King Rail
(Rallus elegans)


Picture of bird
© USFWS - Public Domain
For additional photos and vocalizations, visit Dendroica. (Link opens in a new window.)

In Canada, the King Rail breeds in large marshes in parts of southern Ontario. Targeted searches have suggested a shrinking breeding range and decreasing abundance since the early 1970s (Cosens 1985, COSEWIC 2011g). However, due to its scarcity and the lack of ongoing monitoring, the species' population trend in Canada relative to 1970 remains unknown; the species is therefore considered data deficient. Wetland habitat loss and degradation are likely limiting factors. The King Rail was first designated by the Committee on the Status of Endangered Wildlife in Canada as Special Concern in 1985, and re-assessed as Endangered in 1994, 2000, and 2011 (COSEWIC 2011g) owing to its small population size and limited habitat. The species is also listed as Endangered under the Species at Risk Act since 2003. This species has been identified as a priority for conservation and/or stewardship in one or more Bird Conservation Region Strategies in Canada.


Main designations for the species
DesignationStatusDateSubspecies, population
COSEWIC (Canada)Endangered2011 
SARA (Canada)Endangered2003 
IUCN (Global)Near threatened2018 
Partners in Flight (North America)Watch list - yellow D2017 
Wild Species (Canada)Imperiled2015 
State of North America’s BirdsWatch list2016 
Bird Conservation Region StrategyPriority Species2013 

Population status

Geographic area or populationPopulation change relative to ~1970ReliabilityStatus in relation to goal
CanadaData DeficientData DeficientBelow Acceptable Level

Population estimate

Geographic area or populationPopulation estimate
Canada< 100 breeding birds

Distribution maps


Migration strategy, occurrence

Short-distance migrant

Responsibility for conservation

Geographic areaResponsibility based on % of global population
CanadaVery Low

General nesting period in Canada

Nesting period starts in late April and ends in early August, depending on the region. Before or after this period, the probability of an active nest is lower.

Conservation and management

In Canada, King Rails are found only in Ontario and are dependent upon large, persistent marshes for breeding and foraging. Degradation and loss of wetland habitat is the most critical factor in their presumed ongoing population declines throughout their range (Poole et al. 2005, COSEWIC 2011g). Prime King Rail habitat has been lost to development and draining for agriculture, and remaining habitats have been degraded by invasive, non-native wetland plants such as the European Common Reed (Phragmites australis; Cosens 1985, COSEWIC 2011g, Environment Canada 2012a). Perhaps because of habitat degradation, nest success and chick survival are low in some portions of their range (Krementz et al. 2016). However, the recovery of the Canadian population might be further limited by the fact that it is located at the northern edge of a generally declining, and potentially contracting, continental population (Environment Canada 2012a). For information on the legal status of this species under the Species at Risk Act (SARA) and to view the Recovery Strategy, please see the SARA Registry.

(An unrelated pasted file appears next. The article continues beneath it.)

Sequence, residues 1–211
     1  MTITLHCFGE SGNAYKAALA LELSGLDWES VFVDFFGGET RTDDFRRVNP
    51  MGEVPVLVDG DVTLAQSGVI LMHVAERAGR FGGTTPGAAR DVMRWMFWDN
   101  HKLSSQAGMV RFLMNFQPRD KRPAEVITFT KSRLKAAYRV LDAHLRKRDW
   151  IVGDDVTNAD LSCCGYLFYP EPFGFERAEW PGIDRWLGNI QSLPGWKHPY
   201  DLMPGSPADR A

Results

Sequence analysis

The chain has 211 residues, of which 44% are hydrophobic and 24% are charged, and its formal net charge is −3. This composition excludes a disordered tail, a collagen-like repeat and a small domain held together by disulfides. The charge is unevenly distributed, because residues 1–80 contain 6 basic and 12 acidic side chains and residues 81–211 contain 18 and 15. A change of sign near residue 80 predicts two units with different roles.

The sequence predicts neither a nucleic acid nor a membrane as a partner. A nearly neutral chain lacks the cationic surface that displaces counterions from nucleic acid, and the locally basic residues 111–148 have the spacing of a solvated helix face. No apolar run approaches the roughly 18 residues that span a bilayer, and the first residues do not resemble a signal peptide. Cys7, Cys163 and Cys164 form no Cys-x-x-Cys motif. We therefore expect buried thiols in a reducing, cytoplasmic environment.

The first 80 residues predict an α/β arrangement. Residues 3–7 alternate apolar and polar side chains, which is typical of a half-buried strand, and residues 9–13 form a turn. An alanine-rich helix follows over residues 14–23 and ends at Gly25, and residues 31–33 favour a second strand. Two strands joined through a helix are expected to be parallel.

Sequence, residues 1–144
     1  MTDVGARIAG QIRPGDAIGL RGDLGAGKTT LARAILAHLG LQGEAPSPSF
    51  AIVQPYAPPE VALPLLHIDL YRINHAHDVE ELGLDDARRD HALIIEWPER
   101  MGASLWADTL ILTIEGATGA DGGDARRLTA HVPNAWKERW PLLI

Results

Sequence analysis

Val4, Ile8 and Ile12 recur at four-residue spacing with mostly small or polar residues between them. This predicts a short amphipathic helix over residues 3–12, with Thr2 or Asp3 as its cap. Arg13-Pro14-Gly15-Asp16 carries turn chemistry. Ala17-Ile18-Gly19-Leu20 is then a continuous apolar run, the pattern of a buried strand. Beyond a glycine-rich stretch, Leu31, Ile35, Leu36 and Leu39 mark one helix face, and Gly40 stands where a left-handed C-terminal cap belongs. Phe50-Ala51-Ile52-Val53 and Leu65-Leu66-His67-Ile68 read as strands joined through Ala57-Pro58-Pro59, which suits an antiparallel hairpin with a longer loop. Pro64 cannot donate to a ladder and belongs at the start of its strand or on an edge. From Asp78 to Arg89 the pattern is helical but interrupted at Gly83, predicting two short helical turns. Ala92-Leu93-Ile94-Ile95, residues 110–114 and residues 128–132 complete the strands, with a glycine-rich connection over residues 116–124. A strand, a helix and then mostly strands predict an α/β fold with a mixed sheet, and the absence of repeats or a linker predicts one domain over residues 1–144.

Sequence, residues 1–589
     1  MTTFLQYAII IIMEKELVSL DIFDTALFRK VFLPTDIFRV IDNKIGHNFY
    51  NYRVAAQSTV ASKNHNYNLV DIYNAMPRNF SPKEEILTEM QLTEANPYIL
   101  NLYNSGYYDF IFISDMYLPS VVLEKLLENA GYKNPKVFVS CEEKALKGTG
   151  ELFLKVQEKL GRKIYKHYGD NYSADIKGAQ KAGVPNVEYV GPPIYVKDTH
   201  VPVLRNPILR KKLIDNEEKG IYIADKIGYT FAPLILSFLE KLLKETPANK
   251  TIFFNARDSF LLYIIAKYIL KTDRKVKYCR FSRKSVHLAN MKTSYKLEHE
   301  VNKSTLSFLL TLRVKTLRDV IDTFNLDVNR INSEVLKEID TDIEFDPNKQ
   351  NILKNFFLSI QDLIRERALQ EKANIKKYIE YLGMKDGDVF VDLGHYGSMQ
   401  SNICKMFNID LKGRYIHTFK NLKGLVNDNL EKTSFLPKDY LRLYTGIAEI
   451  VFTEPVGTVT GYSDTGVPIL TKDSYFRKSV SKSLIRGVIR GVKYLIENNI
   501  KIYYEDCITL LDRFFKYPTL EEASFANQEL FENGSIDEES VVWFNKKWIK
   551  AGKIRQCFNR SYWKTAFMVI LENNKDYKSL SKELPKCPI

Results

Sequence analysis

Bird conservation region strategies

Environment and Climate Change Canada and partners have developed Bird Conservation Region Strategies in each of Canada’s Bird Conservation Regions (BCRs). In these strategies, selected species are identified as priorities for one or more of the following reasons:

  • conservation concerns (i.e., species vulnerable due to population size, distribution, population trend, abundance, or threats)
  • stewardship responsibilities (i.e., species that typify the regional avifauna or have a large proportion of their range or population in the sub-region)
  • management concerns (i.e., species that require ongoing management because of their socio-economic importance as game species, or because of their impacts on other species or habitats)
  • other concerns (i.e., species deemed a priority by regional experts for other reasons than those listed above or because they are listed as species at risk or concern at the provincial level)

Select any of the sub-regions below to view the BCR strategy for additional details.

BCRs, marine biogeographic units, and sub-regions in which the species is listed as a priority
RegionSub-region and priority type
Lower Great Lakes/St. Lawrence PlainLower Great Lakes/St. Lawrence Plain, sub-region and priority type: Ontario -- Conservation